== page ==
1. “The ABA acknowledged receipt of FreeBYU’s complaint on Oct. 21. It requested a response from BYU about a week later. BYU published the adjustments to the honor code on a website on Nov. 9.” (KSL, Deseret News) (Note: This one does not paraphrase a statement from Jenkins)
  2. “Administrators had discussed and approved the tweaks before the bar group asked BYU to respond to the complaint, Jenkins said, adding that the school’s approval process takes longer than a few weeks.” (The Salt Lake Tribune)
  3. “Jenkins says the minor adjustments to the honor code were made before the school heard from the ABA.” (ABA Journal)
  4. “University spokeswoman Carri Jenkins wrote in an email that… the changes came before the school heard from the ABA.” (The Salt Lake Tribune)
  5. “A university spokeswoman for the Provo, Utah, school told the Salt Lake Tribune in an email that the changes were underway before the ABA responded to the complaint.” (Law.com)
  6. “Jenkins said the FreeBYU complaint had no bearing on the school’s decisions.” (KSL, Deseret News)
  7. “University Communications spokeswoman Carri Jenkins said the adjustments had no relation to the recent complaint…” (The Daily Universe)
  8. “Jenkins said these changes were not a result of the ABA’s inquiry into FreeBYU’s complaint.” (The Daily Universe)

Paraphrases 1 and 2 are the most informative and they both indicate (one directly, the other indirectly) that the ABA asked BYU to respond to our complaint before the Honor Code changes were implemented. Furthermore, we can be confident that the university had access to the complaint since we posted it on Scribd and linked to it on our blog and Facebook page on Oct. 25. These facts refute or at least render moot the impression given by Paraphrases 3 and 4 (and possibly 5, which is ambiguous) that the ABA’s request came after the changes.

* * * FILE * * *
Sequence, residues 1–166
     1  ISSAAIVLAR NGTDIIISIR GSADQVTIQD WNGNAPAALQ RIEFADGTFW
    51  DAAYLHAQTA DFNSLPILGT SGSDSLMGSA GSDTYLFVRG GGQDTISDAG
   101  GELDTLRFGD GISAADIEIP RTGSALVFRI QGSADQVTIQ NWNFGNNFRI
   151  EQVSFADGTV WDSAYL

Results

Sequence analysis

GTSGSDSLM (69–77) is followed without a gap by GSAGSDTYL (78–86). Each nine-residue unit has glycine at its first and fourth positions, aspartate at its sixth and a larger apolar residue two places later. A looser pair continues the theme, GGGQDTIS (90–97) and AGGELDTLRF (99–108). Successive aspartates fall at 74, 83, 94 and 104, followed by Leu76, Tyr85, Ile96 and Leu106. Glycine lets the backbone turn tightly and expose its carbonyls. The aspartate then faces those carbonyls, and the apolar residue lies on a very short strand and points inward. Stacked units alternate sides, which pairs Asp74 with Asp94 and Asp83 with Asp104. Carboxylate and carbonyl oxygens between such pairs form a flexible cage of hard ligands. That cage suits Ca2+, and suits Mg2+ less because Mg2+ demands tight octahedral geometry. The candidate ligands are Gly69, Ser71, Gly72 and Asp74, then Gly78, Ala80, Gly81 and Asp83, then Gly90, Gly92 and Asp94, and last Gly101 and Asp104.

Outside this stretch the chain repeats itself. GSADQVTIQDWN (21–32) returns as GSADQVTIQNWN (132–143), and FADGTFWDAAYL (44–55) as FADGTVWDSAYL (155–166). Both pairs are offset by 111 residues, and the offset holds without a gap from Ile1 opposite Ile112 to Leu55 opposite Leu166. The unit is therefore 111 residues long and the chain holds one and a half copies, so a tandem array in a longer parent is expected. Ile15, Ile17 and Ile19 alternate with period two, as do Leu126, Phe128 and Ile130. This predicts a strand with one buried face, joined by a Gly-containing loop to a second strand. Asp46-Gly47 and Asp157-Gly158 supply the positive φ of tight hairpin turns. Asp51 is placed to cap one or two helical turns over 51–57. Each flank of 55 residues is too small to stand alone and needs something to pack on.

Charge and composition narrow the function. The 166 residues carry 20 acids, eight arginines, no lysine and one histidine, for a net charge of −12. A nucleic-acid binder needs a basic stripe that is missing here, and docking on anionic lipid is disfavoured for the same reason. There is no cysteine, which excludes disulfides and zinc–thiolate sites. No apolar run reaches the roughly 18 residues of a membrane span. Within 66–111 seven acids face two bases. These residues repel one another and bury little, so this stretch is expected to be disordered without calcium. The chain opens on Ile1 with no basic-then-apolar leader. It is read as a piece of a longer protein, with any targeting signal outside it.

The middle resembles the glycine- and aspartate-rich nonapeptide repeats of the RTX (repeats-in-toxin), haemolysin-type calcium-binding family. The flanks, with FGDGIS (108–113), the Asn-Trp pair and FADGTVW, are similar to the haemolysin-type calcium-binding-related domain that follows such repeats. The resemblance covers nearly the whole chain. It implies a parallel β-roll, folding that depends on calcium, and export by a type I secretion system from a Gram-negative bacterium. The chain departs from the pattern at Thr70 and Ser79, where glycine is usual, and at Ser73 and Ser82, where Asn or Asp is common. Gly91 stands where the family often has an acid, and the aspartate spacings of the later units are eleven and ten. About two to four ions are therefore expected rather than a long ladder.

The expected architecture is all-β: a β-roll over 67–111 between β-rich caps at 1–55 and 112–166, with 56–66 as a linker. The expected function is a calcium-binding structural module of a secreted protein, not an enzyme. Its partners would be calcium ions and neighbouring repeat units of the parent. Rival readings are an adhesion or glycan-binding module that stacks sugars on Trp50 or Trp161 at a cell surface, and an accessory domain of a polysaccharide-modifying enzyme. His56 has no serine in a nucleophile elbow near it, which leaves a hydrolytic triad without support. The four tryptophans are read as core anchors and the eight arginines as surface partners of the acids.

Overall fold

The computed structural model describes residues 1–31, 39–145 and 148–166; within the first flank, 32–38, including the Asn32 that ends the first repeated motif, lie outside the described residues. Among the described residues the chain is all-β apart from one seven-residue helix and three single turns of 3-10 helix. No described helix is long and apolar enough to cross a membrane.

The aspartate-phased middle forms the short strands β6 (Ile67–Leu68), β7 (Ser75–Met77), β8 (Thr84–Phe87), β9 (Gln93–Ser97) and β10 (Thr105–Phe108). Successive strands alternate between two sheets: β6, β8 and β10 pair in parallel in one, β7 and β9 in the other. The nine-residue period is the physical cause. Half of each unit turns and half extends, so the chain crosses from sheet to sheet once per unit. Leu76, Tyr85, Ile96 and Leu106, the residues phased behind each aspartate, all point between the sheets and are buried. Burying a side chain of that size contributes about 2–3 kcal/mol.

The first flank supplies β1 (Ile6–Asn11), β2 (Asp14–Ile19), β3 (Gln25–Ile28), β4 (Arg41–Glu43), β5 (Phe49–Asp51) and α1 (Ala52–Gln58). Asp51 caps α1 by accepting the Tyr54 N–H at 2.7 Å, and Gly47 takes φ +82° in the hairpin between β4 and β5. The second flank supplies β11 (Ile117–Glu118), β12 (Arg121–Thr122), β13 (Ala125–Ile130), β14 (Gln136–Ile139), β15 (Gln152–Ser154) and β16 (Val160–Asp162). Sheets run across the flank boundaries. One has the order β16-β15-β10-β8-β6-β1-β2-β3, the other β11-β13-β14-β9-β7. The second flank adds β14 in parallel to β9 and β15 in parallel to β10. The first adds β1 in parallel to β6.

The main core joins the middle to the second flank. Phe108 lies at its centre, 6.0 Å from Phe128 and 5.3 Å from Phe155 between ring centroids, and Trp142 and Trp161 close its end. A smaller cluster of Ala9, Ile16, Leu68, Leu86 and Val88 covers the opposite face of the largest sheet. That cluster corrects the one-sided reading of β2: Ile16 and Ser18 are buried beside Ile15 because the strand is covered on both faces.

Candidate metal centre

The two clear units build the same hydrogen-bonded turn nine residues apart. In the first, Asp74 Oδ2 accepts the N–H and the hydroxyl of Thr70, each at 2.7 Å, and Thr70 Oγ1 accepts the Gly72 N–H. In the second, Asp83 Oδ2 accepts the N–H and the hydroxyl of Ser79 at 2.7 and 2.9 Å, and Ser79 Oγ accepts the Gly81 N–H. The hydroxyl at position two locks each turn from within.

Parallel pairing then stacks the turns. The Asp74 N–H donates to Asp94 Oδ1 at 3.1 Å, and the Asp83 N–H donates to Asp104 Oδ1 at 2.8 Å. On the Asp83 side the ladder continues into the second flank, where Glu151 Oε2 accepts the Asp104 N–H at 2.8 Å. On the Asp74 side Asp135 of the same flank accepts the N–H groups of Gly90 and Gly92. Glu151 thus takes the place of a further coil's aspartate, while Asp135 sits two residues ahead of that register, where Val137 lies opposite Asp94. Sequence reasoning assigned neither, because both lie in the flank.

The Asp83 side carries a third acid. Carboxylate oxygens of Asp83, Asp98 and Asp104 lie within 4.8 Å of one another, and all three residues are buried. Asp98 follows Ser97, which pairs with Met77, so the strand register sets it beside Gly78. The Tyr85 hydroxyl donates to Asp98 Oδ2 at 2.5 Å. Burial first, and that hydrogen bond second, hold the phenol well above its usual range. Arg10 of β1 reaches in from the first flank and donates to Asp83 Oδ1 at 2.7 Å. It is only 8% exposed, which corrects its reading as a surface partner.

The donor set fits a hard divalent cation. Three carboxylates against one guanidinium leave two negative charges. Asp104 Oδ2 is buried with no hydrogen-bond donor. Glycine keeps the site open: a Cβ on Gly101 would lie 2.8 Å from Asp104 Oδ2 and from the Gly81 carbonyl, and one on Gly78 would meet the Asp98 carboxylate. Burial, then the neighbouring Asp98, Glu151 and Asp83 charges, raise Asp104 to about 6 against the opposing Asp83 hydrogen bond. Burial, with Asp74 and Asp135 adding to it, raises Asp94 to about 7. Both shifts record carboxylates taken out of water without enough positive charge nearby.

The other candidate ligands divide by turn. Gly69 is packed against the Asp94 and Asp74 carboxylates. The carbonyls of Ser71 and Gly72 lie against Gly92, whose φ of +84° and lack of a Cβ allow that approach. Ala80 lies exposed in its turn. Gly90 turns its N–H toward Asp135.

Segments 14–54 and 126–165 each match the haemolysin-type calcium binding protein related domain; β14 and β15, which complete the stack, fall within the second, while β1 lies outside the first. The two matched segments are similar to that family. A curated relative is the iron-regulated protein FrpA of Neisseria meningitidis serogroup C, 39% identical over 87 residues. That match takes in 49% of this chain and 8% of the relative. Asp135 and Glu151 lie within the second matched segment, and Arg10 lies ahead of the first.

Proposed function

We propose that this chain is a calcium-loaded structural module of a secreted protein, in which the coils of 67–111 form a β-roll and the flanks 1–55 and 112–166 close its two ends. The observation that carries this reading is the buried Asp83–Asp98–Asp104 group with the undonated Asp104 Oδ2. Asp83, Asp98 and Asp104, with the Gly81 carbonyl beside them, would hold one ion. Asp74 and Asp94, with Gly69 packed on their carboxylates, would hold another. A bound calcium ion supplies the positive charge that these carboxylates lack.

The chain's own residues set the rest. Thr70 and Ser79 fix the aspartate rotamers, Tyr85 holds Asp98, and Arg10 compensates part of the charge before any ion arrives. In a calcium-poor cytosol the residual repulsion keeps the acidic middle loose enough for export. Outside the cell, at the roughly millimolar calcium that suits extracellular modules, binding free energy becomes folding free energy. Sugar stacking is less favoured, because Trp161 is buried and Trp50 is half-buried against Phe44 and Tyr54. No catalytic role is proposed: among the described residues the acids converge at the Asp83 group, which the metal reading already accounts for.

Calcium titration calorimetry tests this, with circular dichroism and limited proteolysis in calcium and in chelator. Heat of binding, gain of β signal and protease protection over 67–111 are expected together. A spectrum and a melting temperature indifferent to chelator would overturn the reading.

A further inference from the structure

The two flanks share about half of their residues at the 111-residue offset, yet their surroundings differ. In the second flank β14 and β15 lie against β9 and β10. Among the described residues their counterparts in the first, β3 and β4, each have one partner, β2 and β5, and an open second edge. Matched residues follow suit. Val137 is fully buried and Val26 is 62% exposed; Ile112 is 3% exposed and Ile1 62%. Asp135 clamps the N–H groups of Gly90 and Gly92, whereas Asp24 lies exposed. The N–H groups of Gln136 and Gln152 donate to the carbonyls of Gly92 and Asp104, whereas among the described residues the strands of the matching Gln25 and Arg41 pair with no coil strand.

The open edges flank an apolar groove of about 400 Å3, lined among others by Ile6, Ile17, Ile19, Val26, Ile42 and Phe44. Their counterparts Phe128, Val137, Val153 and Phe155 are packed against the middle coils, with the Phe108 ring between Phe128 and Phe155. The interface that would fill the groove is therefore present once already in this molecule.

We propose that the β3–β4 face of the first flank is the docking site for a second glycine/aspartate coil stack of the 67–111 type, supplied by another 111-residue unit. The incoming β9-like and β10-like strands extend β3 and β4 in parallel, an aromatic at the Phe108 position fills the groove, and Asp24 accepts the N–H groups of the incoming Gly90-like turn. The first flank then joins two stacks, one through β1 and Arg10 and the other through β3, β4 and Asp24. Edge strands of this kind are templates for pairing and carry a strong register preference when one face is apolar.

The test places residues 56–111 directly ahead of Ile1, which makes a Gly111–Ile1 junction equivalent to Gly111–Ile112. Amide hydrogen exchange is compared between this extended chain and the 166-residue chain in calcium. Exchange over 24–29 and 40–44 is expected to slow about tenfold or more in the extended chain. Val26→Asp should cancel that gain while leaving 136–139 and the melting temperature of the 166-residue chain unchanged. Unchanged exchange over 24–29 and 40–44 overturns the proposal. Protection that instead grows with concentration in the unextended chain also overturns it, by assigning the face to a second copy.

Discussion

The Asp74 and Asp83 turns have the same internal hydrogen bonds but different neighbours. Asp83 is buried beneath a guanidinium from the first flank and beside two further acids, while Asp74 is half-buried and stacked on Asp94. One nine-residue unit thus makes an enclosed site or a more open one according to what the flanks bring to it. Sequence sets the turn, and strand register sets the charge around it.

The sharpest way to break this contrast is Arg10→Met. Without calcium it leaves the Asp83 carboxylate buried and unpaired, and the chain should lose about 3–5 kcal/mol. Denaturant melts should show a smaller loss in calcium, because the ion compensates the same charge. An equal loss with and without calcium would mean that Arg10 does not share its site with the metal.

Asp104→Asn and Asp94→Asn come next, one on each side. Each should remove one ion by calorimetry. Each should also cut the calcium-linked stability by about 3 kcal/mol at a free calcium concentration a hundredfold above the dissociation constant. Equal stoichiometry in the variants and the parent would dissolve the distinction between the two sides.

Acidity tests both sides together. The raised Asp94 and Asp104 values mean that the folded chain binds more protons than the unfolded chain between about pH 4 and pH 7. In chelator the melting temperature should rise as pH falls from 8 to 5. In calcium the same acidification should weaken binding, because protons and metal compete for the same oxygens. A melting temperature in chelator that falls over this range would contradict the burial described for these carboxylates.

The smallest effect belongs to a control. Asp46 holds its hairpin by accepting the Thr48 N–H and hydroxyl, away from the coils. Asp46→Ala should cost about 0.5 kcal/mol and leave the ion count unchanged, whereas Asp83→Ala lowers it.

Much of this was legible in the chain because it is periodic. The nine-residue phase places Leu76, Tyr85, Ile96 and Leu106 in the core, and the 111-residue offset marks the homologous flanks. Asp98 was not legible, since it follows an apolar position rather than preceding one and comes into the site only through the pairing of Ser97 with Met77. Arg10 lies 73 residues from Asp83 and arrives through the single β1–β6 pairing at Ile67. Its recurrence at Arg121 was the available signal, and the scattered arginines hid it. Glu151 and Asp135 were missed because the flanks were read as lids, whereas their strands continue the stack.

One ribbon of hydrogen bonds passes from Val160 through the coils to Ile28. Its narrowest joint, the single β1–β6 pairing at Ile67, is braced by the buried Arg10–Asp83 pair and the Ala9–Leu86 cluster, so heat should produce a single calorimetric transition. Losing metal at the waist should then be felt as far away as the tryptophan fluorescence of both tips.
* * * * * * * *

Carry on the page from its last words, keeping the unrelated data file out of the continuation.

Paraphrases 6, 7, and 8 are where the claim becomes extraordinary: our “complaint had no bearing on the school’s decisions” whatsoever. Notice that the only three outlets making this claim are owned by BYU and/or its sponsoring institution. Also note that KSL’s and Deseret News’ articles are the exact same article from the same author, so they can’t be said to corroborate one another. Now if these paraphrases were true to what Jenkins actually told them, we would expect her to have made such newsworthy revelations to each of the other outlets she spoke with, and we would expect them to have then reported it rather than the tamer versions of the claim that they did report. It also seems reasonable to expect the three outlets to have provided a direct quote, if one existed, to support such an assertion, which they did not. As it stands, it appears likely that these paraphrases are generous extrapolations of Jenkins’ carefully selected words, which we’ll look at shortly (any card-carrying cynic would view this as a clever shell game of plausible deniability).

Now what if BYU itself came out tomorrow and plainly declared that the complaint had zero effect on the changes? In that case, the question would become, “Which complaint?” There are actually two complaints that we submitted during this process, the first of which we submitted directly to BYU’s law school in late May 2015 in accordance with ABA requirements. And just as our October complaint raised issues that were addressed by each of the four main changes to the Honor Code, our May complaint discussed each of those very same issues, as you can easily verify by searching the document. Furthermore, BYU was certainly aware that we would soon submit the complaint to the ABA since KUTV reported on Jun 1 that “Free BYU is awaiting a response from the school within 30 days and plans to file it with the American Bar Association if nothing changes”. We were not shy about our intentions, and we had already sent a formal complaint to BYU’s regional accreditor, the NWCCU, in March.